Building off the Trainer Protocol used by the DX6i (relevant post here), I wanted to see if I could control a model over the Trainer Protocol from my computer. I started by deciding what basic data I wanted to send to the controller, and coming up with a frame format for that.
I decided early on that I wanted to just send the raw ppm channels 1-6, a control/arm byte, and a crude CRC. For most robots I only really need 3 channels (drive left + right + weapon/actuator), but adding in the other 3 channels on a standard TX opens up some control/mix options. I wanted the "state" of the generated ppm to be expandable (beyond arm/disarm) so I dedicated a full byte to that. A rough redundant check (just lower sum) and delimiter are added to make sure the data is consistently received.
Here's the Frame Format:
To actually control the robot, I wanted to use a game controller (they have similar controls, and Game Controllers are pretty well documented/implemented). I ended up picking up a Logitech F310, they're pretty cheap and support both DirectInput and X-input (as well as different mapping "modes").
For actually mapping the controller, I wrote a crude Swing GUI that hooks all input devices. I really wanted to avoid hard-coding mappings/controllers, and I assumed someone might come up with some fun control schemes (I guess you could use mouse + keyboard if you were determined to).
The gamepad mapping is serialized and written to a file using Google's Gson (json encoder/decoder) once the mappings are confirmed.
But that's only half the problem, we still need to get to PPM. Ideally, we'd also have some form of mixing/scaling too (so we don't need to use a mixer on the robot). Spektrum appears to use a range of 1100-1900 us with a midrange value of ~1500us, this seems to be dependent on the radio though (see pascallanger/DIY-Multiprotocol-TX-Module/TX_Def.h for some example ranges).
So, another crude GUI and a few more Objects were born. The mixing is very, very simple but should be enough for basic robots (and yet again, can be tweaked later). The GUI hooks the trimmed/scaled values from the Gamepad Mapping and provides the calculated PPM values in real time.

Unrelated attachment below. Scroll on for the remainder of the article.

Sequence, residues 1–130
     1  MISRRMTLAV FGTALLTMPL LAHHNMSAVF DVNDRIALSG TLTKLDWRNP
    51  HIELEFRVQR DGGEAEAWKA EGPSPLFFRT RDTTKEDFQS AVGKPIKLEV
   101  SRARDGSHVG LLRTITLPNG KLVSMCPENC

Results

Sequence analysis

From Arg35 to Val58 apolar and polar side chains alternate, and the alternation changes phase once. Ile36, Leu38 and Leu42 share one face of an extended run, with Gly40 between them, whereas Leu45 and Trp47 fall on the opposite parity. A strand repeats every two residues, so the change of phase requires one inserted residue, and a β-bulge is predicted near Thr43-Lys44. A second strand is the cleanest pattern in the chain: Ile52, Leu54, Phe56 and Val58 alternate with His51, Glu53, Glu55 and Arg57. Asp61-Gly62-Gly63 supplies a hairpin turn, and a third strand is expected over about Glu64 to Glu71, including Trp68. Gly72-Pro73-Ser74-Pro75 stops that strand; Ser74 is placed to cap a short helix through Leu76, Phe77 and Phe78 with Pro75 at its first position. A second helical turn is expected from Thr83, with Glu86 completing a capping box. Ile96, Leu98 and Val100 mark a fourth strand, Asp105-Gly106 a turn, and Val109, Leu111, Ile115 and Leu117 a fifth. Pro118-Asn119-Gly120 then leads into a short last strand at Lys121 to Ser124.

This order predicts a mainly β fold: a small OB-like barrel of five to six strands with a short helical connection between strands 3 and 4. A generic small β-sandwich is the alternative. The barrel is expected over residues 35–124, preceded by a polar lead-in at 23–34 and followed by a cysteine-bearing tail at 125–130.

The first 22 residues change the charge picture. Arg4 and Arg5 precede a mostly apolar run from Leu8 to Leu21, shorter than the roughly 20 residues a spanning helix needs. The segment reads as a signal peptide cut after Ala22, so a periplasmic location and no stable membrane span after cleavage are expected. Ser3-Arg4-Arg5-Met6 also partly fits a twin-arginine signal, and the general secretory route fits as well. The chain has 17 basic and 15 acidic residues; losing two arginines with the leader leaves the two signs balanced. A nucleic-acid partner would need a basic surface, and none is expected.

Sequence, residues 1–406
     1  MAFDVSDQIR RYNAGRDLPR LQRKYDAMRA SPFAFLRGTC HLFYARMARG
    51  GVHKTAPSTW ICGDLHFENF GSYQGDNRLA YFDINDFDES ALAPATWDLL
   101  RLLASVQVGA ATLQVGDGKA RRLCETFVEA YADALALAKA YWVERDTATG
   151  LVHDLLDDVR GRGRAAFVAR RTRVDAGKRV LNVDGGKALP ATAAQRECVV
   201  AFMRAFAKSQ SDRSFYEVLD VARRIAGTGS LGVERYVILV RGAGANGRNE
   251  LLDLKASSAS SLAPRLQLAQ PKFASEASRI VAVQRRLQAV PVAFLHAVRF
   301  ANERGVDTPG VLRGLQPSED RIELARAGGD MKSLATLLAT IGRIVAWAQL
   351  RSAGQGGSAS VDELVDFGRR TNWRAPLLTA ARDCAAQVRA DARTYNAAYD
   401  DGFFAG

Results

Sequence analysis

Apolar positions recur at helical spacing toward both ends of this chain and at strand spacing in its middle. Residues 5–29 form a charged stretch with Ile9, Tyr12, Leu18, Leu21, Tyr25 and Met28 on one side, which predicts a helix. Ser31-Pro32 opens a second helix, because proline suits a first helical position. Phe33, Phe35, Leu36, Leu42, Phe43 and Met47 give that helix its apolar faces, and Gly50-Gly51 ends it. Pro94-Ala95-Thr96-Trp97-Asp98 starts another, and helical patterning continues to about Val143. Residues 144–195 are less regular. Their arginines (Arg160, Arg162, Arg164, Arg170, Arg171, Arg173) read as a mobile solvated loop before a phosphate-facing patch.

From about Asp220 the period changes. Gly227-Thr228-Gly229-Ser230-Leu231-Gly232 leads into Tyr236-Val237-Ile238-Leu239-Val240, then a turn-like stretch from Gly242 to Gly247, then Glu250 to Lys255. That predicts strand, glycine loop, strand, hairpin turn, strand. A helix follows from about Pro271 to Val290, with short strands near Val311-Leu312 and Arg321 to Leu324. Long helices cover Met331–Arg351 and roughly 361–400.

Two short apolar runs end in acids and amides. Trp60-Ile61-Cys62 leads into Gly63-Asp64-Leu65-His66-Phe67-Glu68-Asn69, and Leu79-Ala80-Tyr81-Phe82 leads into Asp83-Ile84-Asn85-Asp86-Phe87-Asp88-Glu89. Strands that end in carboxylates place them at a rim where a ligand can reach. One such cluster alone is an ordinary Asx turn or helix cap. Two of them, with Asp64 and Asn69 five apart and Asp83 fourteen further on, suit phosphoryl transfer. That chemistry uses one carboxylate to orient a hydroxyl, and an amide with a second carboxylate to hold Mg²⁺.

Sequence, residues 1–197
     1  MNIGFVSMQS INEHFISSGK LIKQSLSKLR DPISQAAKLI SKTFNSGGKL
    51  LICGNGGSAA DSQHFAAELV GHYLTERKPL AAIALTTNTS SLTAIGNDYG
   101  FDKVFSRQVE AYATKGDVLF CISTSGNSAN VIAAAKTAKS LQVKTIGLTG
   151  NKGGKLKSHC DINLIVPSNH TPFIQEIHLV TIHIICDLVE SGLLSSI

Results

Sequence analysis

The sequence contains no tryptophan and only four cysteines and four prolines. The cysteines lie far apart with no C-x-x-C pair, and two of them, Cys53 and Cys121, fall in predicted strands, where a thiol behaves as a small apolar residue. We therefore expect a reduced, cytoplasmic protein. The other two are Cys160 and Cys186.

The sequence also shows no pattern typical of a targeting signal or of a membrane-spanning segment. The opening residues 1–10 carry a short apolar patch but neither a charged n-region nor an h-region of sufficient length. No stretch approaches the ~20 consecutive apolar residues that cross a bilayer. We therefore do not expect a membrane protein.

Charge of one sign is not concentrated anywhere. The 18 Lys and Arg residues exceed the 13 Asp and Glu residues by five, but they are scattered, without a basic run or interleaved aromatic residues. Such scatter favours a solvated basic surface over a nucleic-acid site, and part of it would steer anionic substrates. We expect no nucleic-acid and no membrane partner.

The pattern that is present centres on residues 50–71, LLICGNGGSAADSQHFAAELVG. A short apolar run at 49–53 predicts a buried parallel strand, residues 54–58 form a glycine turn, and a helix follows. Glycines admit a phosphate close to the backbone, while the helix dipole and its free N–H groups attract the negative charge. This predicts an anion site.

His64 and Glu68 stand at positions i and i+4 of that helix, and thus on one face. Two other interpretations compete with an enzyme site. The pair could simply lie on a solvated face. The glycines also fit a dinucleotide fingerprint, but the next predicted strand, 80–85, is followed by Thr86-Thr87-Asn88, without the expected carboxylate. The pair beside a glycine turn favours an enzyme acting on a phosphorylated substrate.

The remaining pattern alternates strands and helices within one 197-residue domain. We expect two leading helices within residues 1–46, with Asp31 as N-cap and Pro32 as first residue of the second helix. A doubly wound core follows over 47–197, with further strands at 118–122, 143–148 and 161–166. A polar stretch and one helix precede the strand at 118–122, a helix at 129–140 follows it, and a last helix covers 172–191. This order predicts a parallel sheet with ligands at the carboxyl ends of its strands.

The TX Mixes are serialized and written to a file in the same way as the gamepad mappings.
For testing, these were packaged with yet another crude Swing GUI and a bit of glue logic for a "local bridge" mode.
This worked pretty well as a proof of concept, and had pretty minimal input latency (I think a lot of this is due to the relatively low refresh rate of DSM2 at ~22ms). If someone just wanted to use a different controller with their RC Models, something as simple as Local Bridge mode works great.
I had loftier goals though. The way I saw it, there's no reason the Gamepad and Transmitter have to be on the same computer. Or in the same house.
To do this, I implemented a very simple UDP server/client in Java with a basic packet structure. Two ports are used for communication between the client/server, and an OTP is used to authorize new clients. Once a client is authorized, the server can "Hand-off" controls to the client. Gamepad and Mixing is handled by who is in control (the "handed-off" client or server).
Yet more GUI's:
And a quick test (with less than ideal iPhone Hotspot + VPN for networking):
As it turns out, the hardest part of RC Control over the internet is getting an ultra low latency stream of the robot. Most livestreaming platforms (Twitch, Youtube, etc.) seem to have 5+ seconds of round trip latency, which makes control very difficult. There are (expensive) enterprise solutions, but on the cheap end WebRTC based video calls seem to be "good enough". From my testing Zoom seems to be ~100-150ms latency which is an order of magnitude better than Twitch/Youtube, but still doesn't feel great. If anyone has any suggestions on this end of things, please let me know.
For more info about the project, check out the Gitlab Repo here.